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Death in New York: The Edges of Elegy in New York School Poetry

This article stems from an unused chapter in my first book, In the Process of Poetry: The New York School and the Avant-Garde (Bucknell 2001). It was made into an article but it was too long for submission and I got distracted by life. The work then fed into my second book, On Mourning: Theories of Loss in Modern Literature (Edinburgh 2004). Yet in fact none of the article was used in either book so that it remains both central and supplemental to everything I have done thus far. So hey here it is for the first time. A bit naive now but in the end even back then I was not so stupid. Oh, when I use the term nonrational I am using a Kristevan term that I now longer care for. I don't mean irrational or made but work which exceeds the generic dictates of thetic, so-called rational thought. The avant-garde in other words.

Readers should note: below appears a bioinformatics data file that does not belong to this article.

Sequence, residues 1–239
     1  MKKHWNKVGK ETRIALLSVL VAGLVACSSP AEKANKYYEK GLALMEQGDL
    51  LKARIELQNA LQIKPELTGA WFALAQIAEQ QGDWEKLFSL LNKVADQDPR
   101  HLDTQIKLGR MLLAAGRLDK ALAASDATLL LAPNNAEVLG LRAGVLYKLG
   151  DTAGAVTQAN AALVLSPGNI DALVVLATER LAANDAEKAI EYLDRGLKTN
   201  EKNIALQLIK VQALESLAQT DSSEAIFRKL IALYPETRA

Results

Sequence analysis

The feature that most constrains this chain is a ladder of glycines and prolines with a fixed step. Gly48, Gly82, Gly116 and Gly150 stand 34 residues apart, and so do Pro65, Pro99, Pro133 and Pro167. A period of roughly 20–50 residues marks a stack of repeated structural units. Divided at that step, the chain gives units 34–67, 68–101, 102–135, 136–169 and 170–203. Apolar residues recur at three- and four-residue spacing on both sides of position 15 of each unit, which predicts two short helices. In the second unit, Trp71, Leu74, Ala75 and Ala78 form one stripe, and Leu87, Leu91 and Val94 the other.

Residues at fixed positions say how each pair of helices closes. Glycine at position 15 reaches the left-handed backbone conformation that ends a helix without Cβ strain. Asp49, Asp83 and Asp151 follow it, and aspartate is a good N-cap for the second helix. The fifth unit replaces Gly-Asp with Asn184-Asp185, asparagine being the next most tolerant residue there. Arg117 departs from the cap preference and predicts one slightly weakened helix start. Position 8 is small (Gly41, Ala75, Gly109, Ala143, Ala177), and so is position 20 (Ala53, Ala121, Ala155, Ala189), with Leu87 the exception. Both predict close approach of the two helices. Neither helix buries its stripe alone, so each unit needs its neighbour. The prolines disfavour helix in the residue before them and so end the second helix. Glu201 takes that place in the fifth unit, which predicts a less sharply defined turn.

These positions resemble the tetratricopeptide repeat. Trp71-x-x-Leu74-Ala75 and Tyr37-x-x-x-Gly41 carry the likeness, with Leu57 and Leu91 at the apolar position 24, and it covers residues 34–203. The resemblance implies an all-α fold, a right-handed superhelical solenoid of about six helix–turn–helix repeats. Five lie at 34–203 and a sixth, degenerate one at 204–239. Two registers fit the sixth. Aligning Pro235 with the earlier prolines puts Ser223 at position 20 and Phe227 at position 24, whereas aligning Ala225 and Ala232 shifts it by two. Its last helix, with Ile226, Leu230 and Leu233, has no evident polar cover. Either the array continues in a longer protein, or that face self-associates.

Death in New York: The Edges of Elegy in New York School Poetry

Paradox, scandal, and aporia are themselves nothing other than sacrifice, the revelation of conceptual thinking at its limit, at its death and finitude. (Derrida, The Gift of Death 68)

In one case the nonpassage resembles an impermeability; it would stem from the opaque existence of an uncrossable border: a door that does not open...In another case, the nonpassage, the impasse or aporia, stems from the fact that there is no limit. There is not yet or there is no longer a border to cross, no opposition between two sides: the limit is too porous, and indeterminate. (Derrida, Aporias 20)